Hoch, H; Strickland, K. canine and feline dirofilariasis: Prophylaxis, treatment, and complications of treatment. Compendium: Continuing Education for Veterinarians. 2008;30(5):146-152.

Lok, JB; Knight, DH. Heartworm infections: Strategic timing of testing and prevention. Supplement to Veterinary Medicine. June 1997:4-14.

Nelson, CT. Dirofilaria immitis in cats: Anatomy of a disease. The Compendium: Continuing Education for Veterinarians. 2008;30(7):382-389.

Nelson, CT. Dirofilaria immitis in cats: Diagnosis and management. The Compendium: Continuing Education for Veterinarians. 2008;30(7):393-400.

Sisson, D. A definitive approach to heartworm disease in cats. Veterinary Forum. April 1998:40-48.

Small, MT; Atkins, CE; Gordon, SG; Birkenheuer, AJ; et al. Use of a nitinol gooseneck snare catheter for removal of adult Dirofilaria immitis in two cats. Journal of the American Veterinary Medical Association. 2008;233(9):1441-1445.

 
References and Further Reading

American Heartworm Society. 2007 Guidelines for the Diagnosis, Prevention, and Management of Heartworm (Dirofilaria immitis) Infection in Cats. Batavia, IL; 2007.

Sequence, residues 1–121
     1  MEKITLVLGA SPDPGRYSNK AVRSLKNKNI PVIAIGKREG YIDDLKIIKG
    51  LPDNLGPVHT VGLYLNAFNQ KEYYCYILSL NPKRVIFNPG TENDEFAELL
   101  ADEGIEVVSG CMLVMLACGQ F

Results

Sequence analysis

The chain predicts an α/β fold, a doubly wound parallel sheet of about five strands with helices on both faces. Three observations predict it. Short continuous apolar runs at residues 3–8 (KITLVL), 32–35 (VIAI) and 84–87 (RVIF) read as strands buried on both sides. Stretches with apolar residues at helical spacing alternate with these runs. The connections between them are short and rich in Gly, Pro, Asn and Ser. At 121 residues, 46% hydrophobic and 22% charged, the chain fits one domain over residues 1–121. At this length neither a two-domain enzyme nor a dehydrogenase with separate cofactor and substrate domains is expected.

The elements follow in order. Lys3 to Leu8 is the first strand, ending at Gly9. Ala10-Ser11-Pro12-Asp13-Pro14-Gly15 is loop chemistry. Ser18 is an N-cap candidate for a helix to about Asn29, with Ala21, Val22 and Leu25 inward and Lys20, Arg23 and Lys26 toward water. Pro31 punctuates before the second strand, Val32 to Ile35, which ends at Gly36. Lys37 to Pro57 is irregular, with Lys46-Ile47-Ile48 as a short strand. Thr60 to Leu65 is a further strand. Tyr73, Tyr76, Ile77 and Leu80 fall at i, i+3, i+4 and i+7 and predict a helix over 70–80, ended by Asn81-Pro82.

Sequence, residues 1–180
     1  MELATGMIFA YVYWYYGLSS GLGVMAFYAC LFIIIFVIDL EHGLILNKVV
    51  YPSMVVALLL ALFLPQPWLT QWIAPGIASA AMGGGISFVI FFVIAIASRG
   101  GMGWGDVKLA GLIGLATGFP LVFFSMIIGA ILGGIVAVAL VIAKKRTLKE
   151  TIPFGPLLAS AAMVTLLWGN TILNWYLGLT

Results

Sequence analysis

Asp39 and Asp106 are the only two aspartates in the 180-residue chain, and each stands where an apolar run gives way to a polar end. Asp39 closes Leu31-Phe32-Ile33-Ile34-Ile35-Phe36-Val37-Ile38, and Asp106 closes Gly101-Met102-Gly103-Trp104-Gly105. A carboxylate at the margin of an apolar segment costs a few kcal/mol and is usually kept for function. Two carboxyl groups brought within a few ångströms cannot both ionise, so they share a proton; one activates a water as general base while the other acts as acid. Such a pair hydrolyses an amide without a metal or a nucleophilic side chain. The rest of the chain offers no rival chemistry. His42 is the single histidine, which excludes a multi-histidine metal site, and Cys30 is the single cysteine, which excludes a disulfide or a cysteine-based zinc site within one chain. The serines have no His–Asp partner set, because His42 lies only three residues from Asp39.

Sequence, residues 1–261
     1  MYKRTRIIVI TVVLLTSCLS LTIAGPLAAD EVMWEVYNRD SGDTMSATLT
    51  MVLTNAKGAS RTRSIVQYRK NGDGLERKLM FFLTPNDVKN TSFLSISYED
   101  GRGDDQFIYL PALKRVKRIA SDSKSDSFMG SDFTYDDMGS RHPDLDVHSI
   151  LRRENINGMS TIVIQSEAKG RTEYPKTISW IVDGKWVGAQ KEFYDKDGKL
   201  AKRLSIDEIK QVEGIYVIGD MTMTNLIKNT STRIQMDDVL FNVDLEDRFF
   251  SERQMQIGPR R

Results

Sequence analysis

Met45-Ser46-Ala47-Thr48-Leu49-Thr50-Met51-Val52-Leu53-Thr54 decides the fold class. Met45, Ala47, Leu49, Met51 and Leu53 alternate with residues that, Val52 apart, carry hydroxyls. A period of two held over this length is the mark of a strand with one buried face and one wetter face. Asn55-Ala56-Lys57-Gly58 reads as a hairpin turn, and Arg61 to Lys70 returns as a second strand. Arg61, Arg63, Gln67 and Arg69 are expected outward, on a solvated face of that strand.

Blagburn, BL. Important heartworm basics for the practicing veterinarian. DVM Best Practice. 2003;March:12-15.

Calvert, CA. Heartworm Disease. In Birchard, SJ; Sherding, RG (eds.) Saunders Manual of Small Animal Practice. W.B. Saunders Co. Philadelphia, PA; 1994;487-493.

Datz, C. Update on canine and feline heartworm tests. The Compendium on Continuing Education for the Practicing Veterinarian. 2003;25(1):30-41.

Feline heartworm disease. Supplement to Compendium: Continuing Education for Veterinarians 2008;30(8a).

Georgi, JR; Georgi, ME. Canine Clinical Parasitology. Lea & Febiger. Philadelphia, PA; 1992;193-199.

Hendrix, CM. Diagnostic Veterinary Parasitology. Mosby, Inc. St. Louis, MO; 1998;126-128, 265-272, 296-298.

Hoch, H; Strickland, K. canine and feline dirofilariasis: Life cycle, pathophysiology, and diagnosis. Compendium: Continuing Education for Veterinarians. 2008;30(5):133-141.

Hoch, H; Strickland, K. canine and feline dirofilariasis: Prophylaxis, treatment, and complications of treatment. Compendium: Continuing Education for Veterinarians. 2008;30(5):146-152.

Lok, JB; Knight, DH. Heartworm infections: Strategic timing of testing and prevention. Supplement to Veterinary Medicine. June 1997:4-14.

Nelson, CT. Dirofilaria immitis in cats: Anatomy of a disease. The Compendium: Continuing Education for Veterinarians. 2008;30(7):382-389.

Nelson, CT. Dirofilaria immitis in cats: Diagnosis and management. The Compendium: Continuing Education for Veterinarians. 2008;30(7):393-400.

Sisson, D. A definitive approach to heartworm disease in cats. Veterinary Forum. April 1998:40-48.

Small, MT; Atkins, CE; Gordon, SG; Birkenheuer, AJ; et al. Use of a nitinol gooseneck snare catheter for removal of adult Dirofilaria immitis in two cats. Journal of the American Veterinary Medical Association. 2008;233(9):1441-1445.